Das Keyboard has become synonymous with quality in the keyboard world. First introduced with blank keycaps to lure out the ninja typists, Metadot’s Das Keyboard lineup has earned a special place in the heart of typists and gamers alike. The fourth generation of the company’s acclaimed flagship brings a face lift and a nice helping of new features.
Metadot has finally rid its keyboard of the dreadful glossy plastic front cover. In its place is a beautiful, sand-blasted aluminum plate. The weight of the metal adds heft and quality feel to the board. Its grainy texture is excellent at warding off fingerprints and the like. The lips of the front plate extend beyond the base so the keyboard can be easily lifted. All this makes it one of the best gaming keyboards you can buy.
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To satisfy audiences in both gaming and typing fields, the Das Keyboard 4 Professional is being offered with Cherry MX Blue or Cherry MX Brown switches. The clicky Cherry MX Blues provide a luxury typing experience with their 60g actuation force and a pronounced tactile bump. The quiet Cherry MX Browns offer great feedback, but are also lighter and more responsive to give gamers the fast action they need.
Typing experience with the Cherry MX switches is fantastic as always. Our version has the Cherry MX Brown, the jack-of-all-trades switch. The key travel is smooth and tactile, but we had to add a wrist rest to avoid wrist cramps, which isn't the fault of the keyboard itself.
Costar stabilizers are installed under the larger keys. Oddly, the left Shift key squeaks a little when pressed quickly. This indicates that the stabilizer bar is not adequately lubricated. But since there’s a ton of factors that can affect lubrication and that the left Shift key is the only key that exhibits this, we’re not going to chalk it up as a manufacturing defect.
The keycaps on the Das Keyboard 4 Professional are laser-etched on ABS plastic—the most common combination used for most keyboards. With that said, the plastic itself seems to be dyed in black instead of just coated in black. This should alleviate the yellowing effect of ABS that occurs overtime due to exposure to UV rays. Not the same could be said about the key prints, though, since in our experience anything laser etched stains easily with use.
Like its older siblings, the Das Keyboard 4 Professional still supports N-Key Rollover. It’s disabled by default to ensure compatibility with older motherboards. To toggle between modes, simply press shift and mute.
The addition of a volume knob turns the tedious chore of sound management into something that’s actually enjoyable. On a keyboard with nothing but straight edges, the round silhouette of the volume knob is also especially eye-catching. A set of playback controls and an emergency sleep button sits to its left; they’re only slightly raised against the chassis as to not draw away from the flush, sleek look.
Pointing towards the front are two USB 3.0 pass-throughs. Metadot allocated them to the front so devices that are plugged in won’t bump into your hand.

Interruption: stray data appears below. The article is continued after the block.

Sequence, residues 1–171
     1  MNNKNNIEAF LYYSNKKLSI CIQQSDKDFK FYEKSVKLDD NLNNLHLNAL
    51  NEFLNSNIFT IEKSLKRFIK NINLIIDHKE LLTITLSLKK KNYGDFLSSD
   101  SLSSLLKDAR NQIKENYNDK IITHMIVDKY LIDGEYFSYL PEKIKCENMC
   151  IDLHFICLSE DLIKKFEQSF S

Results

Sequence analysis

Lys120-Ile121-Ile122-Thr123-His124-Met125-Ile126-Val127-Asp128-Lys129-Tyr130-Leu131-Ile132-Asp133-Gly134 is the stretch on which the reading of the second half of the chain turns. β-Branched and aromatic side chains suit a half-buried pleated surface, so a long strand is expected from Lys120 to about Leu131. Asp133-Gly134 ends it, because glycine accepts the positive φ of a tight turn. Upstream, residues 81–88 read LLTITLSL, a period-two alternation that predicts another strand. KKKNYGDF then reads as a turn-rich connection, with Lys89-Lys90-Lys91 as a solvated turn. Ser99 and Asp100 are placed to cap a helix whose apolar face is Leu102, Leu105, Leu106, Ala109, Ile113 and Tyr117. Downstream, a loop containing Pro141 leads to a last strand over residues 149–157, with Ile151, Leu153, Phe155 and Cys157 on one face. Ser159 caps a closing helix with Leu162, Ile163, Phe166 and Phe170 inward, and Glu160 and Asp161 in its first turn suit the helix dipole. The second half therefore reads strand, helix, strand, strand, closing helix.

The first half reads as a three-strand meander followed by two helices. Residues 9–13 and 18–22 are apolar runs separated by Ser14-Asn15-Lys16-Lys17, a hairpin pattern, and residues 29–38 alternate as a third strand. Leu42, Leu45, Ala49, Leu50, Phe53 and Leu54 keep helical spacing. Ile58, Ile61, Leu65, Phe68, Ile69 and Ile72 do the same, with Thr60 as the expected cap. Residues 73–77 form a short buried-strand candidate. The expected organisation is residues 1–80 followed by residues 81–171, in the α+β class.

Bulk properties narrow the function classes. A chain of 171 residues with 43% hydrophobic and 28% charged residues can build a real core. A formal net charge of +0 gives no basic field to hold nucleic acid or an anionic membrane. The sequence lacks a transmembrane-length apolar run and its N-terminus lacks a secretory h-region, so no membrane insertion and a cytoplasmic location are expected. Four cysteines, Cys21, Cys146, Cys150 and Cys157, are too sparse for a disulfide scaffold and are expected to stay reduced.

We would’ve liked to see backlighting for the night owls in dark caves, but in the case of the Das, the absence of backlight can actually be a bonus. Typically, keyboards with both USB pass-throughs and backlighting need two USB ports to function: one for the backlight and the other for the pass-throughs. Having no backlight means that the keyboard doesn’t need an additional USB plug for extra power (this will eventually become a non-issue with the gradual adoption of USB Type-C connector and the USB Power Delivery V2.0 specification)—great news for users who wants to maximize the number of ports available to them.
Most users can probably get by without fancy backlight, but the lack of macros can be a potential deal breaker for some. In some genres, such as MMOs, a set of macros can come in very handy. The lack thereof further shifts the purpose of the board towards the typing crowd rather than gaming.
You won’t find elevator feet on the keyboard’s backside. Metadot apparently “got tired of those itty bitty plastic keyboard feet” and decided to use a magnetically-attached footbar instead. We like different, but the footbar is slippery and annoying to have lying around. Oh, it doubles as a ruler, too. Why a ruler? Not even Metadot knows. Maybe you can use it to beat your typos into submission.
Rumors stirred that the Das Keyboard 4 series suffers from poor quality control after Metadot started using Cherry MX Clones in some of its keyboards, namely the Das Keyboard 4C. Some went as far as accusing the Das Keyboard 4 series of being inferior in quality compared to previous generations. To set you at ease, we tore the board open for a closer inspection: the joints received good coverage with appropriate amount of solder, no excessive leads were sticking out, and there was good separation between the joints. While we can’t conclude on the longevity of the PCB and the soldering material, there are no immediately noticeable shortcuts when it comes to manufacturing.
The fourth iteration of the Das Keyboard is definitely the company’s best one yet. The new features and design changes make an already superb keyboard even better. Unfortunately, quality doesn’t come cheap. With solid performance and a reputation to match, the Das Keyboard 4 Professional will cost you $161. At this price, buyers should seriously contemplate on whether it’s the right choice for them to sacrifice macros and backlighting. To us, the Das Keyboard 4 Professional is an excellent office keyboard and an easy recommendation to any productive individual.